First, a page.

Author Archives: Pharmacy Admin

FAMU College of Pharmacy Celebrates Founder’s Day and Opening Of New 54,000-Square-Foot Research Facility
05 Nov

FAMU College of Pharmacy Celebrates Founder’s Day and Opening Of New 54,000-Square-Foot Research Facility

The Florida A&M University (FAMU) College of Pharmacy and Pharmaceutical Sciences (COPPS), Institute of Public Health will celebrate its Founder’s Day along with a ribbon-cutting ceremony for the Pharmacy Building Phase II – East Wing noon to 2 p.m. Friday, Sept. 20.

In honor of COPPS’s founding in September 1951, the faculty, staff and students are hosting a college-wide cookout, along with other activities.

“The College has a rich history in educating practitioners who care for the community, making lives fuller and healthier and in training Ph.D. level researchers who strive to make new discoveries in the pharmaceutical sciences,” said COPPS Dean Johnnie Early, Ph.D.

The 54,000-square-foot facility will provide researchers with a state-of-the-art facility to conduct research in the areas of breast cancer, health disparities with a focus on prostate cancer, manganese and neurodegenerative disease, and other fields of study. Several faculty members were recognized by the University for their commitment to research excellence, including the 2019 Emerging Researcher award.

The first three floors of Phase II include 16 labs, one computer lab, two telepresence classrooms, one dark room, one training room, and a facility dedicated to extensive research.  Two floors will be added later.

COPPS has secured more than $200 million in contracts and grants, including a $14.8 million renewal grant from the National Institute of Health (NIH) to perform and enhance health disparities research. The College has also been awarded over 35 patents, which is ranked No.1 among HBCUs.

For more information about the FAMU College of Pharmacy and Pharmaceutical Sciences, Institute of Public Health, visit 

This article originally appeared on FAMUFOWARD on September 19, 2019”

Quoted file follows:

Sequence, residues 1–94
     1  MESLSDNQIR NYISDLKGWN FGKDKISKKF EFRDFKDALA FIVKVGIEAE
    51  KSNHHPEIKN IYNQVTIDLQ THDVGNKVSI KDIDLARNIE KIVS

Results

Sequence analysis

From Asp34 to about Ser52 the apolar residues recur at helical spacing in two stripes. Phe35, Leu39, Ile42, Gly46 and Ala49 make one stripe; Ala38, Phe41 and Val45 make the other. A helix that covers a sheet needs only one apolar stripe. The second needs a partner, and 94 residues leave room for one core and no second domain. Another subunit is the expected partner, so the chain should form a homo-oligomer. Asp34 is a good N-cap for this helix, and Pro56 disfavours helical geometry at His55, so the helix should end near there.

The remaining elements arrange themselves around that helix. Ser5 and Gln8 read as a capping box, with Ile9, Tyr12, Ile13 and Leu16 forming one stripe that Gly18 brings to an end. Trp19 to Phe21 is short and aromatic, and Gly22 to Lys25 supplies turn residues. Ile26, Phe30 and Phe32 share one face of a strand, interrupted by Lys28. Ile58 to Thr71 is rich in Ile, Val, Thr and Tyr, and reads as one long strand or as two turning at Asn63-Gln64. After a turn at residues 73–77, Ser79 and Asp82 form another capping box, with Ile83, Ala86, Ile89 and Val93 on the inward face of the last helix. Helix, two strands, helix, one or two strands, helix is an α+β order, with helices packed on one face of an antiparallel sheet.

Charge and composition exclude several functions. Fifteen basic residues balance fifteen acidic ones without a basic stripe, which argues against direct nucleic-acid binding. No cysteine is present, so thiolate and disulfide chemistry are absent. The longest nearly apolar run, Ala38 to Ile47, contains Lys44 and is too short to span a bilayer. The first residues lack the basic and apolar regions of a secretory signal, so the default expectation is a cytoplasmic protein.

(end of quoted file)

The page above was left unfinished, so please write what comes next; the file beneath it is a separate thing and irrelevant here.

FAMU College of Pharmacy Prints 3D Cornea Using Human Cells
05 Nov

FAMU College of Pharmacy Prints 3D Cornea Using Human Cells

Florida A&M University (FAMU) College of Pharmacy & Pharmaceutical Sciences (COPPS) researchers have, for the first time in the United States, created corneas using a high performance 3D printer.

Funded by the National Science Foundation, the project is geared toward 3D printing and additive processing and could lead to breakthroughs in helping patients with eye problems and reduce the need to conduct testing on animals.  

FAMU Pharmacy professor Mandip Sachdeva, Ph.D., who leads the three-person team, said this process of manufacturing corneas using high throughput 3D printing technology, which could print a number of corneas in a matter of minutes, should become routine.  

The group, which includes, Shallu Kutlehria, a doctoral student from India, and Paul Dinh, a biology major from Tallahassee, spent the past year and a half creating an entire 3D model of a blinking eyeball. The corneas are printed in 3D by a bio-printer and made from materials including human cells.

Research assistant Dinh, 20, became interested in the field while in high school. He said this project requires pushing the envelope on cutting-edge technology. 

“Regular 3D printers, normally extrude some sort of hot plastic that eventually takes the shape of whatever you want,” Dinh said. “With a bio-printer, instead of extruding a hot plastic, we can extrude materials that are similar or present in the human body.” 

A United Kingdom scientist created the cornea technology, but the FAMU laboratory is working to make it more efficient by creating a mold to print multiple corneas. The diameter and dimensions of an average cornea are entered into the printer, taking nearly 10 minutes to produce six corneas. 

“From there, we can set up an assembly of 3D-printed corneas in a diffusion cell system and then test a lot of formulations or products at the same time and evaluate the data thus minimizing animal testing,” Sachdeva said.  

The corneas will then be entered into an artificial blinking eye, tear fluid and all, which was also printed in 3D, allowing the products to be tested in a simulated atmosphere. 

While there is still a lot of innovation to be done in the field, they are only weeks away from inserting the cornea into the eye model. 

“The ultimate goal is to file some patents as we move forward,” said Sachdeva. 

The visually impaired will benefit from this technology, said Dinh. 

“I can go and travel and see all these beautiful things and then there’s people out there that can’t really see at all,” he said. “It really made me appreciate the work that I was doing and that it had meaning to it and maybe my work can help someone in the future.” 

This article originally appeared on FAMUFOWARD on June 11th, 2019


FAMU College of Pharmacy and Pharmaceutical Sciences Students Increase NAPLEX Pass Rate
09 Oct

FAMU College of Pharmacy and Pharmaceutical Sciences Students Increase NAPLEX Pass Rate

TALLAHASSEE, FL., October 9, 2019 – The Florida A&M University (FAMU) College of Pharmacy and Pharmaceutical Sciences (COPPS) Class of 2019 made gains in their performance on the North American Pharmacist Licensure Examination® (NAPLEX®).